When Drew Phoenix heard of the Orlando shooting that left at least 50 dead at a gay nightclub, he said he was “horrified.”

“Everyone deserves the right to be safe, LGBT individuals included,” said Phoenix, the executive director of Identity Inc., an organization dedicated to supporting LGBT people in Alaska.

Identity is the primary organizer of Alaska Pridefest, the annual celebration of the LGBT community. Phoenix said after the Orlando shooting, he will be talking to law enforcement agencies about how to make the Pride Parade and other events as safe as possible.

“We’re going to be speaking with Chief Tolley and the local police force to make sure that precautions are in place,” said Phoenix. He added they would also be working with “other agencies across the state to see what we can do to prevent things such as what happened in Orlando.”

Sunday evening, Identity co-hosted a vigil at the First Presbyterian Church downtown with Christians for Equality, a religious organization supporting marginalized people.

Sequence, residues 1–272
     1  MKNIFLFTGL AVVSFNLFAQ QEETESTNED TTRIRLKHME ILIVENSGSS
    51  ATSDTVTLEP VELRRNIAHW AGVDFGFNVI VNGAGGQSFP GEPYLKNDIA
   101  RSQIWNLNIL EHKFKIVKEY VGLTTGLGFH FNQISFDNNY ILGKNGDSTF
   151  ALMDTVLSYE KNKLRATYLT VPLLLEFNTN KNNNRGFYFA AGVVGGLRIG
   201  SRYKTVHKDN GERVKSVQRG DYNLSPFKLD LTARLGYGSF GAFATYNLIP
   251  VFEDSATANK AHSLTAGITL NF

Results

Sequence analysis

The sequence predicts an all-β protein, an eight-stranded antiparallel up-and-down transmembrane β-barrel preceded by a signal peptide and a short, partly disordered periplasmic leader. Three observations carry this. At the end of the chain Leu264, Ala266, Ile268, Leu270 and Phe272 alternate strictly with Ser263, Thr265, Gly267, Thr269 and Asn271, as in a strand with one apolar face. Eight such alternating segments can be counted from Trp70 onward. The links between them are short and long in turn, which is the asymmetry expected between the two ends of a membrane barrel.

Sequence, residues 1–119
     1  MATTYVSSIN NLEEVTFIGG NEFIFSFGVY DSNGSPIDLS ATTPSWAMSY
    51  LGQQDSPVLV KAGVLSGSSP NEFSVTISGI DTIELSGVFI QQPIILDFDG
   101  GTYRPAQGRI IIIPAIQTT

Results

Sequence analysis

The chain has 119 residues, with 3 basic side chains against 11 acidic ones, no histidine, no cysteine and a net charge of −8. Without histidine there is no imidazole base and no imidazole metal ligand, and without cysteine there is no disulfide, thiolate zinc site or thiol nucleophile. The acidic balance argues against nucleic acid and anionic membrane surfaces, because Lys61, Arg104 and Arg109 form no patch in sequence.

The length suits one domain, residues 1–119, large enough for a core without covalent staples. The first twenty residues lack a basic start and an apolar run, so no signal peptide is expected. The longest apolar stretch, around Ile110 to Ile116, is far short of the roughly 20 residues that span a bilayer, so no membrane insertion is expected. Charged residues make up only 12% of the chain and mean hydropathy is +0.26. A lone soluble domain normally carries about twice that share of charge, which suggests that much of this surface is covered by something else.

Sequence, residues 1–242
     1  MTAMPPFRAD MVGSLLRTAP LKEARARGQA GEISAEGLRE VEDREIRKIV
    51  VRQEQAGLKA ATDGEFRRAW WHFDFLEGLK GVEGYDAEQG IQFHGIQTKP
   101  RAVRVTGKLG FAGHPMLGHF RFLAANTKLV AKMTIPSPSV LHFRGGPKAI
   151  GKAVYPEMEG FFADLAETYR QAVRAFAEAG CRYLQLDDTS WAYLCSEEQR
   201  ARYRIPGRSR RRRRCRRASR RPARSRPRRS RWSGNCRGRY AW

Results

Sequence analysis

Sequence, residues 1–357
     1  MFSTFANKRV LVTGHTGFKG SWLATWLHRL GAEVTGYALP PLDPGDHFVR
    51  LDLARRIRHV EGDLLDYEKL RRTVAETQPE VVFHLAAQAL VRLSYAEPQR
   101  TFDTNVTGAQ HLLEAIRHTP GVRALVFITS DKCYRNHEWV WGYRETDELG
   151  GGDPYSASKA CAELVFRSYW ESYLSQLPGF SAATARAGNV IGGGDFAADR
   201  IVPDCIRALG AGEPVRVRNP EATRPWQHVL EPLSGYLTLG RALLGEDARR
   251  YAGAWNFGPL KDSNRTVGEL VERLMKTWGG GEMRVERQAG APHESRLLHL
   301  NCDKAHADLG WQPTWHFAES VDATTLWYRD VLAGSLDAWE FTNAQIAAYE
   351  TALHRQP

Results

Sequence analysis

Phoenix said the purpose of the vigil is to “embrace and uphold our lesbian, gay, bisexual and transgender brothers and sisters in Orlando, remember the victims and their families, and offer support in whatever way we can.”

Earlier Sunday, a space was set up inside the church to allow people to pray or talk to someone about the tragedy.

“It’s a safe place. It’s a quiet place,” said Candace Bell, who is a member of Christians for Equality who is also on the board of directors for Identity.

She said the shooting is a reminder that there is still a significant amount of hatred toward LGBT people.

“When people preach hate, no matter what their religion, it gives tacit permission for this kind of tragedy,” said Bell. “That deeply, deeply grieves me.”

A second vigil is planned at Mad Myrna’s nightclub on Fifth Avenue at 9 p.m. Sunday.

KTVA 11's Eric Ruble can be reached via email or on Facebook and Twitter.